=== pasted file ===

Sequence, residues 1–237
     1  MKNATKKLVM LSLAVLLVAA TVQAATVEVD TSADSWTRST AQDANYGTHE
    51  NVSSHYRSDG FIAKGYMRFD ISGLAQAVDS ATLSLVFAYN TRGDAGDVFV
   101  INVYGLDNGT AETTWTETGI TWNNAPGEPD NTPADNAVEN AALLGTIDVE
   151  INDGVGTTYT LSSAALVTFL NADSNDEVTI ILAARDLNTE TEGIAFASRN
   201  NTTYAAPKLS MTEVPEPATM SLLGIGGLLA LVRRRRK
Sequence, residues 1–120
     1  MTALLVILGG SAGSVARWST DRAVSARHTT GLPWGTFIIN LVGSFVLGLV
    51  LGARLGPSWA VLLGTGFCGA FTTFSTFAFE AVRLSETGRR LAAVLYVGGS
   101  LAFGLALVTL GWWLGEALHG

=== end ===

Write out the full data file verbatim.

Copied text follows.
Sequence, residues 1–237
     1  MKNATKKLVM LSLAVLLVAA TVQAATVEVD TSADSWTRST AQDANYGTHE
    51  NVSSHYRSDG FIAKGYMRFD ISGLAQAVDS ATLSLVFAYN TRGDAGDVFV
   101  INVYGLDNGT AETTWTETGI TWNNAPGEPD NTPADNAVEN AALLGTIDVE
   151  INDGVGTTYT LSSAALVTFL NADSNDEVTI ILAARDLNTE TEGIAFASRN
   201  NTTYAAPKLS MTEVPEPATM SLLGIGGLLA LVRRRRK
Sequence, residues 1–120
     1  MTALLVILGG SAGSVARWST DRAVSARHTT GLPWGTFIIN LVGSFVLGLV
    51  LGARLGPSWA VLLGTGFCGA FTTFSTFAFE AVRLSETGRR LAAVLYVGGS
   101  LAFGLALVTL GWWLGEALHG